417 F2d 547 Earnhart v. United States

417 F.2d 547

135 U.S.App.D.C. 130

Buddy R. EARNHART, Appellant,
UNITED STATES of America, Appellee.

No. 22216.

United States Court of Appeals District of Columbia Circuit.

Argued April 24, 1969.
Decided May 23, 1969
Petition for Rehearing Denied July 2, 1969.

Mr. Robert W. Healy, Washington, D.C., with whom Mr. Thomas W. Fletcher, Washington, D.C., (both appointed by this court) was on the brief, for appellant.

Mr. Lawrence S. Margolis, Asst. U.S. Atty., with whom Mr. David G. Bress, U.S. Atty. at the time the brief was filed, Mr. Frank Q. Nebeker, Asst. U.S. Atty. at the time the brief was filed, and Mr. James A. Strazzella, Asst. U.S. Atty. at the time the brief was filed, were on the brief, for appellee.

Before PRETTYMAN, Senior Circuit Judge, and LEVENTHAL and ROBINSON, Circuit Judges.


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Appellant Earnhart was indicted, tried, and convicted by a judge and jury on two counts, the larceny of an automobile and the unauthorized use of that car. On this appeal he presents two contentions, which are interrelated. He says, first, there was a fatal variance between the charge in the indictment and the proof presented by the prosecution upon the trial; that the charge was of the larceny of a whole automobile whereas the proof was of the larceny of only parts of an automobile. He says, second, that the trial judge erred when he instructed the jurors that, if they found the defendant to be in possession of major parts of a stolen automobile, they might infer that he stole the automobile. The proof indicated that defendant stripped the stolen car, substituted other parts acquired elsewhere, and was in possession of and used the reconstituted car. We find no error. The appellant's contentions misconceive the case of the Government. The prosecution claimed, as the court correctly held, that if the defendant was found in possession of major parts of a stolen automobile the jury might infer from that circumstance, in conjunction with other evidence, that he had stolen the car.1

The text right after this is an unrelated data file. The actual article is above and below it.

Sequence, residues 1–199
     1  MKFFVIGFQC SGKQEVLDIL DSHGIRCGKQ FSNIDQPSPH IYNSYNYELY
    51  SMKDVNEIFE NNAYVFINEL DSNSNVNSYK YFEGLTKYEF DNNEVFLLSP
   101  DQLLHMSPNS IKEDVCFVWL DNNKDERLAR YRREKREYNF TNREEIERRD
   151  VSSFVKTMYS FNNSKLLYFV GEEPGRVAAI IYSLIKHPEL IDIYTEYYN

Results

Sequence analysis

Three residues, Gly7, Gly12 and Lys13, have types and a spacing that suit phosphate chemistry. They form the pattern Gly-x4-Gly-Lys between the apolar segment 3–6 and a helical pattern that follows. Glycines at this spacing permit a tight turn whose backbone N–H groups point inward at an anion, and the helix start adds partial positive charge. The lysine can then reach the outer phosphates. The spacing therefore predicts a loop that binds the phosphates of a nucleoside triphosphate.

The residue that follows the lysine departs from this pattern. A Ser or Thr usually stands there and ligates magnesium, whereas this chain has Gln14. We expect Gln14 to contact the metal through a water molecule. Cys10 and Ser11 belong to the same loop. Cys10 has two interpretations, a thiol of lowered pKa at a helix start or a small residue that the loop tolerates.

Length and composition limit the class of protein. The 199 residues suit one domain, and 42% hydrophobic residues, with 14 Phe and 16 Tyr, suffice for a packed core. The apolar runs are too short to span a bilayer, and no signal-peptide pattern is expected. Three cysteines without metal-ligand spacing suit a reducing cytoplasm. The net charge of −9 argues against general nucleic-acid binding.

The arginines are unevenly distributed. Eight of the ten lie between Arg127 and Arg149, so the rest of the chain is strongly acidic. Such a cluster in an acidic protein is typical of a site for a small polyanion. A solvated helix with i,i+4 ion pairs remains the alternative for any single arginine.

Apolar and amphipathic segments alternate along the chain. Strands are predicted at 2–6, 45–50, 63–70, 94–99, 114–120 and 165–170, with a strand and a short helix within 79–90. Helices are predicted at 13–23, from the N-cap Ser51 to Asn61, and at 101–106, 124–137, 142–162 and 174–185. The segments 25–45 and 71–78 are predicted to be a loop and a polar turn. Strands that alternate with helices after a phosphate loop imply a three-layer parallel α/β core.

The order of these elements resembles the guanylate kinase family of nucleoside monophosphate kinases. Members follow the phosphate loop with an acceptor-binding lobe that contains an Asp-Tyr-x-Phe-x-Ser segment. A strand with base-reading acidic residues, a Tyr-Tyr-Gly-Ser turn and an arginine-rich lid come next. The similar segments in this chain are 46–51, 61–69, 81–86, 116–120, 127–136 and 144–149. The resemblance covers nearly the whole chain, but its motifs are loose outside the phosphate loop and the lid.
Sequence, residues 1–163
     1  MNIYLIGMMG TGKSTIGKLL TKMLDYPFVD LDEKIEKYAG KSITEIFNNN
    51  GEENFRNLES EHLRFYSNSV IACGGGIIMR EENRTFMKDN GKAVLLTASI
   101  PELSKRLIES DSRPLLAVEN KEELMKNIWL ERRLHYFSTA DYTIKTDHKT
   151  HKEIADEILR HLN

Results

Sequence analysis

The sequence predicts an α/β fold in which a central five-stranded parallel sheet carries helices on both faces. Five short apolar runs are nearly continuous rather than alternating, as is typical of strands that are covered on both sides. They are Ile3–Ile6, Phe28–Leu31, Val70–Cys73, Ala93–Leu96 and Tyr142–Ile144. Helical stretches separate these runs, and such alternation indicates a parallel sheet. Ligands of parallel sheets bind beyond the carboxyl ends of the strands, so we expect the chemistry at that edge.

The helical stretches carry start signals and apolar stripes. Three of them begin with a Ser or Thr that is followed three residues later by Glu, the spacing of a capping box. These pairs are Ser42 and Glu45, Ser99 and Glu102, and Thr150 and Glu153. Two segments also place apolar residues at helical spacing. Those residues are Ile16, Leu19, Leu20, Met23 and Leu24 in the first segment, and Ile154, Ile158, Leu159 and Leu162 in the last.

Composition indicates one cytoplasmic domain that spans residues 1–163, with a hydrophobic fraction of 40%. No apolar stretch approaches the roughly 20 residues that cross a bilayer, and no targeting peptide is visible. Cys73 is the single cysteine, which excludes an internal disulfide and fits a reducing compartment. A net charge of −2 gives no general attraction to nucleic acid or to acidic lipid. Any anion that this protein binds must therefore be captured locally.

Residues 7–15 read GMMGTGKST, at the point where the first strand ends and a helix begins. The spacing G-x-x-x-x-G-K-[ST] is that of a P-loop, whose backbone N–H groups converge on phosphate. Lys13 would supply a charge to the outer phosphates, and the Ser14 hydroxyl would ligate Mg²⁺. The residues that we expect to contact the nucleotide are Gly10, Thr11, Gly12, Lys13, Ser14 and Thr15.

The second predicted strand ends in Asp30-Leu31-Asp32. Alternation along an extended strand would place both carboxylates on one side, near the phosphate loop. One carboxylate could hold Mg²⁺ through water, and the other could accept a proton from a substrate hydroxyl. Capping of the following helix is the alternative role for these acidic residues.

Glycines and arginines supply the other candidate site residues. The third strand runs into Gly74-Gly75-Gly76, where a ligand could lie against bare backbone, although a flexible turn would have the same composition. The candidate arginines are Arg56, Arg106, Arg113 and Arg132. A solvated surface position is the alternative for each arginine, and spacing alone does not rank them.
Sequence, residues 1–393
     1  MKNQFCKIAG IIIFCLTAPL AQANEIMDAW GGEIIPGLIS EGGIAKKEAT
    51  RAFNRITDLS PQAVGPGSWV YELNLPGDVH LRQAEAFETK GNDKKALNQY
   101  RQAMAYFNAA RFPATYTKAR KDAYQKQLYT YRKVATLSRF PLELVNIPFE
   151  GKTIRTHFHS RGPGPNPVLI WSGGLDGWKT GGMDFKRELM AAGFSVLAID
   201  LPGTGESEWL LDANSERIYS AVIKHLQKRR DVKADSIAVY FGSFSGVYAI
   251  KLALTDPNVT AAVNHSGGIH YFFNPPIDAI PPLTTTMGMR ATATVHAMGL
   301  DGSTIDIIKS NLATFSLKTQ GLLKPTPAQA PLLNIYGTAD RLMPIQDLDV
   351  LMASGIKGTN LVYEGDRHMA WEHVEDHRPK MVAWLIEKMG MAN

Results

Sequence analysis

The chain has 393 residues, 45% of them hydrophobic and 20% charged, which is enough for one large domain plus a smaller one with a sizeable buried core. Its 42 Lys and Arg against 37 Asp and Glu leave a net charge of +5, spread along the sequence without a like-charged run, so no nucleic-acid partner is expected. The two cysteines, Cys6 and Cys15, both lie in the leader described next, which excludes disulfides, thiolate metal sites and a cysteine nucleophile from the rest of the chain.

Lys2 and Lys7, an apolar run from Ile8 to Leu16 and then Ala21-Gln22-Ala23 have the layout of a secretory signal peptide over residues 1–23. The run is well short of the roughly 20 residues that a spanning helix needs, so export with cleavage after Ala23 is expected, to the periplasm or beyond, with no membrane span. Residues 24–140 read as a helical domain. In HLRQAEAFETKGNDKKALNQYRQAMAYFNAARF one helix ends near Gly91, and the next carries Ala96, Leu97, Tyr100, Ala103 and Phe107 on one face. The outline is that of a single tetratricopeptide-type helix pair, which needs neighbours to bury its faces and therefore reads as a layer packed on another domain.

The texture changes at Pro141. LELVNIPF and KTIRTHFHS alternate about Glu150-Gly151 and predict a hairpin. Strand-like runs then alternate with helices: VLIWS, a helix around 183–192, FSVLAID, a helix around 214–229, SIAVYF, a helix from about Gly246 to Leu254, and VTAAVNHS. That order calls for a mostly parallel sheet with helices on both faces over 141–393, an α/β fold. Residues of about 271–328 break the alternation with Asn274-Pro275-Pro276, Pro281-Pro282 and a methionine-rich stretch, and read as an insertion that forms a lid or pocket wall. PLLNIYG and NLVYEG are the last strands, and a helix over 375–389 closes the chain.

See United States v. Wallace, 254 F.Supp. 653 (E.D.Tenn.1965), aff'd, 361 F.2d 494 (6th Cir. 1966)